A scheme for the distribution of prizes, often money or goods, by chance; especially a gaming system in which one or more tickets bearing particular numbers draw prizes. The word is probably a corruption of Middle Dutch loterie, a calque of French loterie, itself borrowed from Middle High German Lottchen, a diminutive of Old High German Lotthina or Lothenta, referring to the action of drawing lots (from Late Latin lotere, to choose). In scientific methods, lottery methods are used for random sampling, by which a subset of the population set has an equal chance of being selected; this method is also known as “randomized” or “blind” sampling.
The odds of winning a large prize in a lottery are very high, but the cost to organize and promote the lottery, as well as administrative costs, usually take up a significant percentage of total receipts. This leaves only a small percentage for prizes, which are sometimes in the form of lump sums of cash or goods rather than annuity payments.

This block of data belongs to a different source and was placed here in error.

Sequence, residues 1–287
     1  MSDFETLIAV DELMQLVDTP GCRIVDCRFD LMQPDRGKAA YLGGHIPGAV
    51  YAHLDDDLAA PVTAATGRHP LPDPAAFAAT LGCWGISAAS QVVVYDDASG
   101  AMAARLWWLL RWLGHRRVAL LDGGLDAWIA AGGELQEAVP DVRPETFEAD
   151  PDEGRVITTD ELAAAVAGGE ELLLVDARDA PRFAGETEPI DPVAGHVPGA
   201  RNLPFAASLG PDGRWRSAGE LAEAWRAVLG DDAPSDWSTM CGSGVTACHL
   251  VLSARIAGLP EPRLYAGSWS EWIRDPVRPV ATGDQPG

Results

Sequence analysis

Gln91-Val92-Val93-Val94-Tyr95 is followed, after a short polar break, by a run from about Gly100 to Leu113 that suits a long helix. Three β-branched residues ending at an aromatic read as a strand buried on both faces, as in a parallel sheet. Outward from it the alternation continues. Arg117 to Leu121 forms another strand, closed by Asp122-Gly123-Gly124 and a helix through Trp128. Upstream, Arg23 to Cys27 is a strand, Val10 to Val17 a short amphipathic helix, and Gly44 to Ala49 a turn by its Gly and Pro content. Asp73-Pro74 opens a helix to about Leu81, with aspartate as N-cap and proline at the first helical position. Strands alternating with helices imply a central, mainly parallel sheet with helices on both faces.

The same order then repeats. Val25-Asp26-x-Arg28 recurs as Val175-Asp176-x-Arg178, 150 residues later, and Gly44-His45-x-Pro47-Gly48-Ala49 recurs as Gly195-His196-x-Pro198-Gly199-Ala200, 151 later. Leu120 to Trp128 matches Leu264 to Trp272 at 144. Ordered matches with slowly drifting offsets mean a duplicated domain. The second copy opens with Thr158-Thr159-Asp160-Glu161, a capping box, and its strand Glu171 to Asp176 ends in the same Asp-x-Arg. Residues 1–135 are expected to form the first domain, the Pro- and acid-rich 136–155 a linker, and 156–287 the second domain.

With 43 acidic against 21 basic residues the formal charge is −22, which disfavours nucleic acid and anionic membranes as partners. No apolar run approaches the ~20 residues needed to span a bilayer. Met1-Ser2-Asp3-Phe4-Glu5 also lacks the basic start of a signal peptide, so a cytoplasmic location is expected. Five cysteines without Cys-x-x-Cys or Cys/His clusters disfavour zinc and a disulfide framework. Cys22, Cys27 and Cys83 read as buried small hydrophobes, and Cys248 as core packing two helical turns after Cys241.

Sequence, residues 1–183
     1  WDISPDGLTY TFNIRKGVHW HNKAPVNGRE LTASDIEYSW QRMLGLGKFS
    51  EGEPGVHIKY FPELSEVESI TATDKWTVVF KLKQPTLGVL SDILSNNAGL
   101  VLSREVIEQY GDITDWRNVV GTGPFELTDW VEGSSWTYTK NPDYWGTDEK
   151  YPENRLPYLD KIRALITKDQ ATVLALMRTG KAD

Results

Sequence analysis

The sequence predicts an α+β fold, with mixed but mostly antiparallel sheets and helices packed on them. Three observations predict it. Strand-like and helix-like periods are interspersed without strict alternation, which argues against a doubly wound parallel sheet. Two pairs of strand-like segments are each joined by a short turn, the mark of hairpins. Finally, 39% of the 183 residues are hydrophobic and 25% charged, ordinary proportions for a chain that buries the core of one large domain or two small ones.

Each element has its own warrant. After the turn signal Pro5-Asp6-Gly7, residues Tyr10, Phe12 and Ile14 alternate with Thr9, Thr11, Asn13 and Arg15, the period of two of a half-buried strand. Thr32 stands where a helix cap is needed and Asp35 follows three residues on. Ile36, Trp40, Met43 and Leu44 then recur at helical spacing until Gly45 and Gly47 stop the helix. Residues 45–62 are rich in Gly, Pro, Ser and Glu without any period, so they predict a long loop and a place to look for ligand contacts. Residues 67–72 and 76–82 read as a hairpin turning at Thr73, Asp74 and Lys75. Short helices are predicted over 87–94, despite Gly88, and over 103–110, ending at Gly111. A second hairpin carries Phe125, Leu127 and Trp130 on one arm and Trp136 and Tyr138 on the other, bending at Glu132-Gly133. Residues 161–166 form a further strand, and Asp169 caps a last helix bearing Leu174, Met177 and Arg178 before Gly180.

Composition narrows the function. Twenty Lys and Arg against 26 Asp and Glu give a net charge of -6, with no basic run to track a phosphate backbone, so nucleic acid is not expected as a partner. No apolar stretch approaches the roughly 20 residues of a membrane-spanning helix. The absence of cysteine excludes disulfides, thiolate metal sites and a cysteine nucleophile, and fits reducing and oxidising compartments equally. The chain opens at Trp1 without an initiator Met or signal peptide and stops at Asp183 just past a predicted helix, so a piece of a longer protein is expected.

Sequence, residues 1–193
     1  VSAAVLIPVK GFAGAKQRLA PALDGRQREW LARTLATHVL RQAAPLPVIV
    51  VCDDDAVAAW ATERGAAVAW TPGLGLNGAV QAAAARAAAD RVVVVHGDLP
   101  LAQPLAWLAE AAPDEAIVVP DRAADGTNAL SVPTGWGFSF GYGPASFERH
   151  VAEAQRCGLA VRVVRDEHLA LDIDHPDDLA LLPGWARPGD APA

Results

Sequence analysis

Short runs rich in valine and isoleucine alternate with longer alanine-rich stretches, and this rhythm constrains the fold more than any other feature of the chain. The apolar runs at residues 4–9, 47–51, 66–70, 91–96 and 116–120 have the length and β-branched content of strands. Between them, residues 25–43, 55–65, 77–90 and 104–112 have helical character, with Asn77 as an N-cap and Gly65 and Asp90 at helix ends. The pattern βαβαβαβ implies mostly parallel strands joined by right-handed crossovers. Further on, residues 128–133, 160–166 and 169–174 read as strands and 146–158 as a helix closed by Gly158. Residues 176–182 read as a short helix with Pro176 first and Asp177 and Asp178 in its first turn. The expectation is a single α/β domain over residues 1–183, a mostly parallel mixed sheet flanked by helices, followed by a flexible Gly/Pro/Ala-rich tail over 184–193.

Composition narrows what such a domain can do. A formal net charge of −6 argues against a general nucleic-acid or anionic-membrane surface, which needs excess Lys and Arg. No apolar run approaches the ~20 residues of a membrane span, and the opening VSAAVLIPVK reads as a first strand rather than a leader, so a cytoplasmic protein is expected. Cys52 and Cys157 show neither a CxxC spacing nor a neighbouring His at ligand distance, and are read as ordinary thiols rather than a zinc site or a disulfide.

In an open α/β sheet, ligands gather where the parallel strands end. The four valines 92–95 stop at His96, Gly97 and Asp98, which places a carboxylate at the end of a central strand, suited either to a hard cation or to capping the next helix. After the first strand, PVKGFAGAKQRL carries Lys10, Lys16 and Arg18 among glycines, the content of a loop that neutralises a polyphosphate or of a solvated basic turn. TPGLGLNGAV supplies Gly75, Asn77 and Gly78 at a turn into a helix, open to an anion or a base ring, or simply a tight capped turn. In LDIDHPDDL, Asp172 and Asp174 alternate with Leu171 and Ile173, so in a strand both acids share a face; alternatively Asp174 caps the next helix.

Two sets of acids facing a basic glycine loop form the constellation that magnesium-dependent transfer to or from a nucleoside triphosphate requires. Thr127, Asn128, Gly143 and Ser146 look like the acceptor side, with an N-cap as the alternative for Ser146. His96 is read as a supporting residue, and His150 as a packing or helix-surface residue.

A recurring problem associated with state-sponsored lotteries is compulsive gambling behavior, which can be difficult to control and often leads to other problems, such as alcohol and drug abuse, bankruptcy, and criminal activity. Some states run hotlines to help compulsive gamblers. Others have resorted to using law enforcement to deter gambling by imposing higher taxes on the rich, although critics argue that this skirts the true issue of how to deal with the problem.